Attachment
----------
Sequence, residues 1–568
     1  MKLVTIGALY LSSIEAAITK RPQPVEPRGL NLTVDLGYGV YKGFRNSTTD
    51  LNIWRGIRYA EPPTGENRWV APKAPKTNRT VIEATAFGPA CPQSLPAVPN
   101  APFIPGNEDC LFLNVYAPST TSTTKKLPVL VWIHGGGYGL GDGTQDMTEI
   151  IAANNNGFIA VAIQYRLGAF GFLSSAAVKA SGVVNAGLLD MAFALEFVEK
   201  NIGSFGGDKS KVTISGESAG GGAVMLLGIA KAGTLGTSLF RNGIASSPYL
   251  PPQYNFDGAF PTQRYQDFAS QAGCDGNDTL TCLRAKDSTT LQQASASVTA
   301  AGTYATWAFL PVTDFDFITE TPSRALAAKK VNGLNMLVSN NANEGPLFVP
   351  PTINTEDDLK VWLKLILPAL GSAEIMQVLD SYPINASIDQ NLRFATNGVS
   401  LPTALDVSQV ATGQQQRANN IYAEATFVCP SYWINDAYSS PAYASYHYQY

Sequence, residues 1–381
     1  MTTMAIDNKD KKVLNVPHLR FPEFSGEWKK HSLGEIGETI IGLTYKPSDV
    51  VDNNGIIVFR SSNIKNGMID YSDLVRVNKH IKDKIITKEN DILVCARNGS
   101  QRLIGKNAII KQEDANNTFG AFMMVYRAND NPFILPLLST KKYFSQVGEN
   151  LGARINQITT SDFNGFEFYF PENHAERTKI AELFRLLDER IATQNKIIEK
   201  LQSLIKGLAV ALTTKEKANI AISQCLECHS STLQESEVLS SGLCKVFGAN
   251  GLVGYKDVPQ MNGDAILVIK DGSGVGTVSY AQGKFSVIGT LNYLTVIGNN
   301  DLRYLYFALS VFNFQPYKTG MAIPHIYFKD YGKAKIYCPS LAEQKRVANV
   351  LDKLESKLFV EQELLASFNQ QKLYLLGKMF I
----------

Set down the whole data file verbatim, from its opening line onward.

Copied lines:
Sequence, residues 1–568
     1  MKLVTIGALY LSSIEAAITK RPQPVEPRGL NLTVDLGYGV YKGFRNSTTD
    51  LNIWRGIRYA EPPTGENRWV APKAPKTNRT VIEATAFGPA CPQSLPAVPN
   101  APFIPGNEDC LFLNVYAPST TSTTKKLPVL VWIHGGGYGL GDGTQDMTEI
   151  IAANNNGFIA VAIQYRLGAF GFLSSAAVKA SGVVNAGLLD MAFALEFVEK
   201  NIGSFGGDKS KVTISGESAG GGAVMLLGIA KAGTLGTSLF RNGIASSPYL
   251  PPQYNFDGAF PTQRYQDFAS QAGCDGNDTL TCLRAKDSTT LQQASASVTA
   301  AGTYATWAFL PVTDFDFITE TPSRALAAKK VNGLNMLVSN NANEGPLFVP
   351  PTINTEDDLK VWLKLILPAL GSAEIMQVLD SYPINASIDQ NLRFATNGVS
   401  LPTALDVSQV ATGQQQRANN IYAEATFVCP SYWINDAYSS PAYASYHYQY

Sequence, residues 1–381
     1  MTTMAIDNKD KKVLNVPHLR FPEFSGEWKK HSLGEIGETI IGLTYKPSDV
    51  VDNNGIIVFR SSNIKNGMID YSDLVRVNKH IKDKIITKEN DILVCARNGS
   101  QRLIGKNAII KQEDANNTFG AFMMVYRAND NPFILPLLST KKYFSQVGEN
   151  LGARINQITT SDFNGFEFYF PENHAERTKI AELFRLLDER IATQNKIIEK
   201  LQSLIKGLAV ALTTKEKANI AISQCLECHS STLQESEVLS SGLCKVFGAN
   251  GLVGYKDVPQ MNGDAILVIK DGSGVGTVSY AQGKFSVIGT LNYLTVIGNN
   301  DLRYLYFALS VFNFQPYKTG MAIPHIYFKD YGKAKIYCPS LAEQKRVANV
   351  LDKLESKLFV EQELLASFNQ QKLYLLGKMF I